The Architectural Award commenced in 1990, and is an annual award though in some years no award may be made and in others more than one award may be made. The winning buildings are as follows, and a list of the awards is available:
The details of each award is given on the Awards section of the website with a link to the Bulletin or Annual Report where details of the winning building and other candidates can also be found.
Prof Timothy Clark, a trustee of the City of Durham Trust, has edited a booklet ‘The City of Durham Trust Architectural Awards 1990-2009’, of 64 pages with 52 colour illustrations, which is available for purchase from the Trust’s online shop.
The winners of the award are an eclectic group, covering new builds and renovations of old buildings; residential, commercial, public and religious buildings. The criteria that matter are the quality of the design and its implementation, and a positive contribution to the setting and context. In recent years the Trust has extended its coverage to parts of buildings, other architectural features, and green infrastructure.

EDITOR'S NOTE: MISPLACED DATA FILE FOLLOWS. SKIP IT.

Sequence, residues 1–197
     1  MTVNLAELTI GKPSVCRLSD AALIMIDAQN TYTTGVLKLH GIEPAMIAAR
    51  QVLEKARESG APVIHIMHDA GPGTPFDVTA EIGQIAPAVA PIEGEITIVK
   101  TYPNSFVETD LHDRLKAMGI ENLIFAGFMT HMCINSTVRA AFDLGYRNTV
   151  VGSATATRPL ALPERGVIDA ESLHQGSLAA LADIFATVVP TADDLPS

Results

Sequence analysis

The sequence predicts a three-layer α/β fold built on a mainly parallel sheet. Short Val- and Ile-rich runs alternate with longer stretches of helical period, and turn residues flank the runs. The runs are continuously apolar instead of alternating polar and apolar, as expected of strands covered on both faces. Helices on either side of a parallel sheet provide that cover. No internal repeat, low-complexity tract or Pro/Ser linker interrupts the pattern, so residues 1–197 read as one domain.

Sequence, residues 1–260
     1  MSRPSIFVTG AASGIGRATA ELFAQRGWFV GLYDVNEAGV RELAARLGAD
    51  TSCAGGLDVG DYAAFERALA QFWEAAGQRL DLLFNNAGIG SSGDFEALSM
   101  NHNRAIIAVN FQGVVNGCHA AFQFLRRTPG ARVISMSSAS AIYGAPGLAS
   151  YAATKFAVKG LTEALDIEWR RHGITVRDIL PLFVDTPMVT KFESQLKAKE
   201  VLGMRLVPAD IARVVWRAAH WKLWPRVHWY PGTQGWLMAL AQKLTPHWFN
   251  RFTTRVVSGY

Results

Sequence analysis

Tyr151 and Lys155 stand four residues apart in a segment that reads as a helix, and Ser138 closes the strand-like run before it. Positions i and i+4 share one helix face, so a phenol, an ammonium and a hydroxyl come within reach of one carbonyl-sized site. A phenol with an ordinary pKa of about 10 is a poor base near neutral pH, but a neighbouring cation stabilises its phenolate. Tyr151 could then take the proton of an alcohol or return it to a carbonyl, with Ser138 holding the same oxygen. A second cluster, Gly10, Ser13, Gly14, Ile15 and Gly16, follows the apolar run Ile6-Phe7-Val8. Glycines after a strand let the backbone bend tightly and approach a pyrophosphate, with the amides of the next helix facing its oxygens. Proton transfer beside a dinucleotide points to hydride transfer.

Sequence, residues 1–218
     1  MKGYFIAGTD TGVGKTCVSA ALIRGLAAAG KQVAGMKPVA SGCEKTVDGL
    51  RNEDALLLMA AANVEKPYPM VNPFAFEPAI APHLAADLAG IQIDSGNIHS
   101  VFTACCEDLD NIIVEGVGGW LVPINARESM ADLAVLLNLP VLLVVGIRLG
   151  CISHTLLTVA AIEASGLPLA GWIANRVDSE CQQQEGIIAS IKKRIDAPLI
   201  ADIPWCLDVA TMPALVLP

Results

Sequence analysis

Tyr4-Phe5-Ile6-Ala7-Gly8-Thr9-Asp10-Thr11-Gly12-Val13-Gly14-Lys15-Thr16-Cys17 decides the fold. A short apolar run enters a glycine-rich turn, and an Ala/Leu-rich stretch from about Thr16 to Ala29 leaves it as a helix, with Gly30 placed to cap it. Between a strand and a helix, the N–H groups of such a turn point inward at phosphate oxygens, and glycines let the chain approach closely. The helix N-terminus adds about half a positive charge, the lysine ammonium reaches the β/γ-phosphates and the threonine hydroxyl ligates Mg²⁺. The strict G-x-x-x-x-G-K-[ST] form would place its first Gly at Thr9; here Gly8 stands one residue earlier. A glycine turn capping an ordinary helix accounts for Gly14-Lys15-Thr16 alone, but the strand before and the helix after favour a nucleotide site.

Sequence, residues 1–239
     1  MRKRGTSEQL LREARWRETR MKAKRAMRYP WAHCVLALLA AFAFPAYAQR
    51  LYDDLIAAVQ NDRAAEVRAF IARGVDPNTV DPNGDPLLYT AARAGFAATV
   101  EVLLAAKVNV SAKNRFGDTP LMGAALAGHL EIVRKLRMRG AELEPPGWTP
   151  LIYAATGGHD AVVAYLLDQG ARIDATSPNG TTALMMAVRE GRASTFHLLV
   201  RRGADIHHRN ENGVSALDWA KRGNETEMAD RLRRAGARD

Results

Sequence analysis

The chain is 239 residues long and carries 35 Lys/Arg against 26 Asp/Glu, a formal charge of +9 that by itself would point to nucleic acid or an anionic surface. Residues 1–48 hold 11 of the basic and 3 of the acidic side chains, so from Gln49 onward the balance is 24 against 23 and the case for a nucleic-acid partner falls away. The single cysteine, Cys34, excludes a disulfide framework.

Flass Vale is the featured asset for May 2022. (see List of Assets of the month.) Flass Vale is a green space in the centre of Durham City with a long history of human activities dating back to prehistory. It is a Local Wildlife Site, common land and Nature Reserve, and designated as a Local Green Space in the City of Durham Neighbourhood Plan. A campaign, in which the Trust was involved, was fought in 1973/74 to prevent the area from being developed for housing. This resulted in the present protected green space that we have to day, managed by the Friends of Flass Vale, set up in 2002.